Protecting yourself from sexually transmitted infections. These account for 500,000 new infections per year, and 15-29 year olds are the most affected.
The origin of STIs
STI stands for Sexually Transmitted Infection. These infections are caused by viruses, bacteria, or parasites and are transmitted during vaginal, oral, or anal intercourse.
The 8 most common STIs are HIV/AIDS, hepatitis B, human papillomavirus (HPV) infection, syphilis, genital herpes, gonococcal infection, Chlamydia, and Trichomoniasis.
The male condom is the only method proven to be effective in preventing the transmission of sexually transmitted infections (STIs). It should be recommended whenever sexual activity exposes participants to the risk of STIs due to a person having multiple partners, occasional intercourse, or the absence of a committed relationship (especially among adolescents). Condoms do not fully protect against HPV transmission, but their use is recommended because they protect against much more serious STIs than those caused by HPV.
It is important to be screened regularly, either by giving a blood or urine sample, even if there are no evident symptoms.
There are vaccines available to protect against hepatitis B and Human Papillomavirus (HPV).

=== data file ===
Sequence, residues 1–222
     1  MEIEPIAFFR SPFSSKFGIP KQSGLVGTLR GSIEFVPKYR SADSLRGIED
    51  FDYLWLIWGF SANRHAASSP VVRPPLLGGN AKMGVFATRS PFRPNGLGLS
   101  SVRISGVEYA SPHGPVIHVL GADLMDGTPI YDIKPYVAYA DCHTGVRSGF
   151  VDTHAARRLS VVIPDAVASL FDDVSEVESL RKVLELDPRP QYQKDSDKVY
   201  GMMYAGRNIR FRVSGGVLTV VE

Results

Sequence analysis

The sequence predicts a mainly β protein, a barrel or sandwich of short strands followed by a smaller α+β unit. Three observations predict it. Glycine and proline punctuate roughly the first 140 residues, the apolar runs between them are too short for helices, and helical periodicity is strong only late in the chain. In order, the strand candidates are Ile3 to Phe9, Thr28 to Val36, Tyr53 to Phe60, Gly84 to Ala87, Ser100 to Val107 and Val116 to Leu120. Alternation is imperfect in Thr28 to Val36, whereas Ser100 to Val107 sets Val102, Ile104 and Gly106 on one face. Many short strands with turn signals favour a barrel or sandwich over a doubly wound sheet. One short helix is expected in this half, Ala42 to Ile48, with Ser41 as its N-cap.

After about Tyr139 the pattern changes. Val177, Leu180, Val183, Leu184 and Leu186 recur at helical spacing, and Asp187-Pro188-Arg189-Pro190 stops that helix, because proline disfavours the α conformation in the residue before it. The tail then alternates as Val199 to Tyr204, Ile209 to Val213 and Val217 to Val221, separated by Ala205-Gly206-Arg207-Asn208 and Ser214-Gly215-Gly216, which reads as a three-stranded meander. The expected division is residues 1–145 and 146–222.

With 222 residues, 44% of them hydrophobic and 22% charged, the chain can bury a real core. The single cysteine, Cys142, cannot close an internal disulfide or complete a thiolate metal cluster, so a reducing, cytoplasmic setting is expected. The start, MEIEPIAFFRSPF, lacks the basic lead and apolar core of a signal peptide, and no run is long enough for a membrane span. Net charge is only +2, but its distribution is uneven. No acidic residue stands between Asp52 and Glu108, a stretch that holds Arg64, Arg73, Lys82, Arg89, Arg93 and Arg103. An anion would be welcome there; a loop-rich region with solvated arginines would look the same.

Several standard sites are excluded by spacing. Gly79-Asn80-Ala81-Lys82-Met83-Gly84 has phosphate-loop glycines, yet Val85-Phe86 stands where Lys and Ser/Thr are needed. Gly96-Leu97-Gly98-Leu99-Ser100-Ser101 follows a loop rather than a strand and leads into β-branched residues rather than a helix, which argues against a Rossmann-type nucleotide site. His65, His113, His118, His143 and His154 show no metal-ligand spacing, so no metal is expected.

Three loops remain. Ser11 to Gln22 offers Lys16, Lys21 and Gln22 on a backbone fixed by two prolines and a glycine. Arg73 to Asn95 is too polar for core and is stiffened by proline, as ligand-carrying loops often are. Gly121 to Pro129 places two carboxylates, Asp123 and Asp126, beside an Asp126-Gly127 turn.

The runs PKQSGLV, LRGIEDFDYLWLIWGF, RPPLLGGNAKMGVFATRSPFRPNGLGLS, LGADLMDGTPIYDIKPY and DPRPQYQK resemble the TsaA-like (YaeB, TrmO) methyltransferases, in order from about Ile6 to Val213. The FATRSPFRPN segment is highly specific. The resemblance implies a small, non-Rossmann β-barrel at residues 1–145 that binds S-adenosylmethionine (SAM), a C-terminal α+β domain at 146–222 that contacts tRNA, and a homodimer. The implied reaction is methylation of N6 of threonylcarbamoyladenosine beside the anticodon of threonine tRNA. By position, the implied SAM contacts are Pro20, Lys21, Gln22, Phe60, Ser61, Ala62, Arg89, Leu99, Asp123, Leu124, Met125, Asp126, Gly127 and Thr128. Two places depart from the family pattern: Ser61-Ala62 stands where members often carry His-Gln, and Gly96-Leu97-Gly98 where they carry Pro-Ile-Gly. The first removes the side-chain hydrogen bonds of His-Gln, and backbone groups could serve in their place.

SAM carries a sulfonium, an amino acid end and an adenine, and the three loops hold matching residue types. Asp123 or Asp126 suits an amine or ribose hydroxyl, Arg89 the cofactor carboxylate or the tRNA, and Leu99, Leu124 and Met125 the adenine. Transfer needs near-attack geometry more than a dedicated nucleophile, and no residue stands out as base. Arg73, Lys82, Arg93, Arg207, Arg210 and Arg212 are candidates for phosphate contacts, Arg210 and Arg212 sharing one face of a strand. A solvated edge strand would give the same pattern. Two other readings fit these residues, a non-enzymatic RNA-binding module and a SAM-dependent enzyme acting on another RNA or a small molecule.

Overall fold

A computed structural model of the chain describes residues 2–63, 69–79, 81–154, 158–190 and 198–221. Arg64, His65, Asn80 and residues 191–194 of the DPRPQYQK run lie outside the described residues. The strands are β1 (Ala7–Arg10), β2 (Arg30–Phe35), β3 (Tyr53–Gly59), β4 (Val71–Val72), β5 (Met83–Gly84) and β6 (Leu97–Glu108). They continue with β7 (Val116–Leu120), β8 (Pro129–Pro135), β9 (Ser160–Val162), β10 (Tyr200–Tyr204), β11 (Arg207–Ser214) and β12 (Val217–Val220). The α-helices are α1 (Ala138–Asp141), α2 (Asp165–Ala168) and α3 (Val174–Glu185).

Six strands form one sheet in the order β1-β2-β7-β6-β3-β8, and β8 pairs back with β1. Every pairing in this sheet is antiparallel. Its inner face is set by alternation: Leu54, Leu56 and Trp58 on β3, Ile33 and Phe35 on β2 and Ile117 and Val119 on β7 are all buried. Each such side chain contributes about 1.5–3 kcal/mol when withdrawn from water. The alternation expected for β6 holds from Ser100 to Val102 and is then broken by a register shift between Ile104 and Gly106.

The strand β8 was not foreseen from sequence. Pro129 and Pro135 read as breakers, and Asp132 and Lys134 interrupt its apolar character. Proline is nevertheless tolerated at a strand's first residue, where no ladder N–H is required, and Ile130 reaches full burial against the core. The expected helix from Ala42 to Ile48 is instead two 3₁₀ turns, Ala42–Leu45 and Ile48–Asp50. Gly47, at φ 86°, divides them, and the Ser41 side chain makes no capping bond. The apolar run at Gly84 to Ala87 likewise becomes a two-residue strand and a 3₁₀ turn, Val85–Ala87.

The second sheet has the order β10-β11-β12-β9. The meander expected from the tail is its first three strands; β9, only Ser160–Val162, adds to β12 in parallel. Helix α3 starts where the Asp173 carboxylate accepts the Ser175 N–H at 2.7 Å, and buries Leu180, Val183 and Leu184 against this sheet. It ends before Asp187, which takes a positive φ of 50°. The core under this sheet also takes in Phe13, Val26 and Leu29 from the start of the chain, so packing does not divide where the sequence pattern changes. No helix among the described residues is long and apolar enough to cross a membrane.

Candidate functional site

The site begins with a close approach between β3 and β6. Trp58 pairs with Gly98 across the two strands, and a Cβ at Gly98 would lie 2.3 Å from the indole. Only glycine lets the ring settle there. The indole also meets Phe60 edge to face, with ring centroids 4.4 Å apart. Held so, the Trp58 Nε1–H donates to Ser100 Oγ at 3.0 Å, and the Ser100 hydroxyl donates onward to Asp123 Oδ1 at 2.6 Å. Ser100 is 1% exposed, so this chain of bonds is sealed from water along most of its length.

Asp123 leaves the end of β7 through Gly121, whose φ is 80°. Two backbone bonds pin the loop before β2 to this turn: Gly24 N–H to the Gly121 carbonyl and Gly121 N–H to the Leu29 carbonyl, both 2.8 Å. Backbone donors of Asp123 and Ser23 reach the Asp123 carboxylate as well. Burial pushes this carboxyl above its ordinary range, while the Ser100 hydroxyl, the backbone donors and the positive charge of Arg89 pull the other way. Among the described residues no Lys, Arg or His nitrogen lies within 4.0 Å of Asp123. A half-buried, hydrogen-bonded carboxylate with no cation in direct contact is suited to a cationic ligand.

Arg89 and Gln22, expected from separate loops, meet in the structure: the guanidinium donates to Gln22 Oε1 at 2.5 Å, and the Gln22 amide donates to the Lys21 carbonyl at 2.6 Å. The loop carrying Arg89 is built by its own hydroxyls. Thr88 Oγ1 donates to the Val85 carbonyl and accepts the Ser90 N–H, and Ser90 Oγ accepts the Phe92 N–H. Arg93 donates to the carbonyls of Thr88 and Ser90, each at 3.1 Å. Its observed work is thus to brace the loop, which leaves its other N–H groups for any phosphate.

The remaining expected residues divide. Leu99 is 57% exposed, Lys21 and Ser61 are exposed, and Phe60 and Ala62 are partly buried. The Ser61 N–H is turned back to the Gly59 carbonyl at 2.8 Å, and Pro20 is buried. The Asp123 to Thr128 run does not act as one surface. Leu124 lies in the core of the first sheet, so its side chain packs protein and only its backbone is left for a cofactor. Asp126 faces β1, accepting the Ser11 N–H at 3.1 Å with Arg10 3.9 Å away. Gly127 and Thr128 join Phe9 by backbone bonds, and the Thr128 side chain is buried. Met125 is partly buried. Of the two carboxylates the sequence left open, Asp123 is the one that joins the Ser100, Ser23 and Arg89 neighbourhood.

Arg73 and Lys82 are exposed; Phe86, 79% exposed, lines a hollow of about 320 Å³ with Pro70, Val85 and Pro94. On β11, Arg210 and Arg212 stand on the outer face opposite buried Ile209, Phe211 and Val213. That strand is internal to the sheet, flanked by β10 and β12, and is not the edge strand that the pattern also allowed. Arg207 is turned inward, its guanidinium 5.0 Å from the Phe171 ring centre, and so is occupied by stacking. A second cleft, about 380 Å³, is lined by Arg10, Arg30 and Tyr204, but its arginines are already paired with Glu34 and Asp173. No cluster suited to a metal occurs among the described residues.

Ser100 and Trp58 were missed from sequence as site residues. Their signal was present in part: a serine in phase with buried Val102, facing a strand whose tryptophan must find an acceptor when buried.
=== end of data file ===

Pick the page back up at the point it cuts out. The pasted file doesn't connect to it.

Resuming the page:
Vaccination is very effective in protecting against these infections. Vaccines are available on prescription.
For more information on vaccination, visit http://www.vaccination-info-service.fr (French website).
Pre-exposure prophylaxis (PrEP)
This is aimed exclusively at people who do not have HIV, who do not consistently use condoms during sex, and who are at high risk of contracting HIV. PrEP is a continuous-use oral medication available since 2017. It only protects against HIV. This option is available on prescription and requires ongoing check-ups with a healthcare provider.
Preventing STIs during pregnancy
Many STIs, including chlamydia, gonorrhoea, hepatitis B, HIV, and syphilis are also transmitted from mother to baby during pregnancy and childbirth.
Given the risks for the newborn and the fetus, screening for syphilis and hepatitis B is compulsory, and HIV screening must be systematically offered to pregnant women during consulatations.